Project Ethiopia uses our resources to buy the materials directly from local businesses and merchants. Additionally, Project Ethiopia funds are used to hire local workers for project tasks that require skills such as masonry, carpentry, and plumbing. Nearly 99% of the funding spent on project work goes directly to local businesses, shop keepers, tradespeople, and project workers.

Fair prices for materials and volunteer stipends are paid, but not an excessive profit which many expect from non-governmental organizations. This deep commitment to the local community and economy has won the support of Ethiopian workers and merchants. When made aware of Project Ethiopia ’s volunteer status and its strong reputation in the community, merchants have taken a lower profit because of the satisfaction they feel when helping the community.

Our local approach strives to provide as much benefit to the community as possible by multiplying the impact of Project Ethiopia ’s giving.

  • When a school needs desks, we purchase the desks ourselves from a business in Dangla and deliver them with the help of local cart drivers.
  • For school uniforms, we buy the fabric locally and arrange with nearby tailors to sew the uniforms.
  • Project Ethiopia funds have a double impact: students now have desks and uniforms and local workers and merchants have increased income for their families.

Ultimately, the ripple effect of these investments is helping to alleviate poverty for thousands of villagers throughout the Dangla area.

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MISSION IN ACTION:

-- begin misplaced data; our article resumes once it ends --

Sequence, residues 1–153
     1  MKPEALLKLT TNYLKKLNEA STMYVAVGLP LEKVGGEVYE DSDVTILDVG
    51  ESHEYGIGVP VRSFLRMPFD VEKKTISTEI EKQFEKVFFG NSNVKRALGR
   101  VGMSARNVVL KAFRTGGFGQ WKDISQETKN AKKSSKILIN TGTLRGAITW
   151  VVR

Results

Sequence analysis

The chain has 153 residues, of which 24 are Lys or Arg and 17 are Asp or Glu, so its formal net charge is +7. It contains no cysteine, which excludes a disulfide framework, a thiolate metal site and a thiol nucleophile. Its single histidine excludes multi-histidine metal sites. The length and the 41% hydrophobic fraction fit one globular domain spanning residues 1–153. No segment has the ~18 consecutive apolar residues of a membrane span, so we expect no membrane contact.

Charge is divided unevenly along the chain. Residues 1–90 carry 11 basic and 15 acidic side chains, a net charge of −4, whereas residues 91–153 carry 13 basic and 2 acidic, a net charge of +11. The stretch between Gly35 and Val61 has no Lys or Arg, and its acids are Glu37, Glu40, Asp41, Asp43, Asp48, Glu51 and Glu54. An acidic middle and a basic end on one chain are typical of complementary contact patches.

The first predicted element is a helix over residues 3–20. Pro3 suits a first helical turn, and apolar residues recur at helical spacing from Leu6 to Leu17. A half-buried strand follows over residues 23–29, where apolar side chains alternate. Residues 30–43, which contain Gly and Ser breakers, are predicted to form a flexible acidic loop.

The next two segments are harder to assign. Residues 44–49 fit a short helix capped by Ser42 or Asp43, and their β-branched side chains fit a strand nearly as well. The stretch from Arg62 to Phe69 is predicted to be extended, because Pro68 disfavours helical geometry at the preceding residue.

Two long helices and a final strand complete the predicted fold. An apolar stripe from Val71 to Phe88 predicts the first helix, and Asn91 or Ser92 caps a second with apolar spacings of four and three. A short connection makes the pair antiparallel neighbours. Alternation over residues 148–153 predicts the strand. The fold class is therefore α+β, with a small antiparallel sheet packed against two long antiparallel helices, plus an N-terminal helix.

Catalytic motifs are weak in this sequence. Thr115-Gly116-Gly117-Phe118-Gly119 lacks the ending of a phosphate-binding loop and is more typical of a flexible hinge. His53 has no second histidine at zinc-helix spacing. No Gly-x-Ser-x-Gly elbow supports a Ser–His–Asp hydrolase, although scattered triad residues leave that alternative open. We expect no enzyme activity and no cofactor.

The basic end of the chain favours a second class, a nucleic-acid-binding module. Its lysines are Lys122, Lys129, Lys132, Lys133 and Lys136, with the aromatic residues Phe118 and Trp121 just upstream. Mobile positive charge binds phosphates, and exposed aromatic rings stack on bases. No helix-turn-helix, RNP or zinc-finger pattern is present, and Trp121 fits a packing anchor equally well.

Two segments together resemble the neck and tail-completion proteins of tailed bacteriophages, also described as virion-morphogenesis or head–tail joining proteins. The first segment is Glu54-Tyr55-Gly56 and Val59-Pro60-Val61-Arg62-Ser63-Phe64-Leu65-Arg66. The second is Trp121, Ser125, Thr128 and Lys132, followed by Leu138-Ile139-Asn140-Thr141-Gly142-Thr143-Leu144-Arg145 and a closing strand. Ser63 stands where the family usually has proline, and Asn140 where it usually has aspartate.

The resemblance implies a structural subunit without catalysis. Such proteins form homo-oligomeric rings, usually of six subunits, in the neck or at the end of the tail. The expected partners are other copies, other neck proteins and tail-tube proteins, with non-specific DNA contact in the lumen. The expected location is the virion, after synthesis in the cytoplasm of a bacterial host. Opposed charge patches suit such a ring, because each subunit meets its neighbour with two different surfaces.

THE MULTIPLIER EFFECT

There are many examples of how Project Ethiopia funds have a multiplier effect in the local community and economy. One such example involves a local cart driver who often worked with Project Ethiopia delivering materials to project sites. Over time he was able to save enough money to purchase two additional carts, renting them out to other workers in the area. Not only did his family experience an increase in income, but two other families were also impacted by his hard work and planning.

Another example involved a stone crusher who had the difficult job of making gravel for construction projects. He worked every chance he could to supply gravel for Project Ethiopia and eventually saved enough money so that he could attend school. When he graduated from school, he proudly showed his certificate to the Project Ethiopia team leaders and no longer is limited to working as a stone crusher to support his family.

DID YOU KNOW?

A $200 donation will provide a student with a transition award

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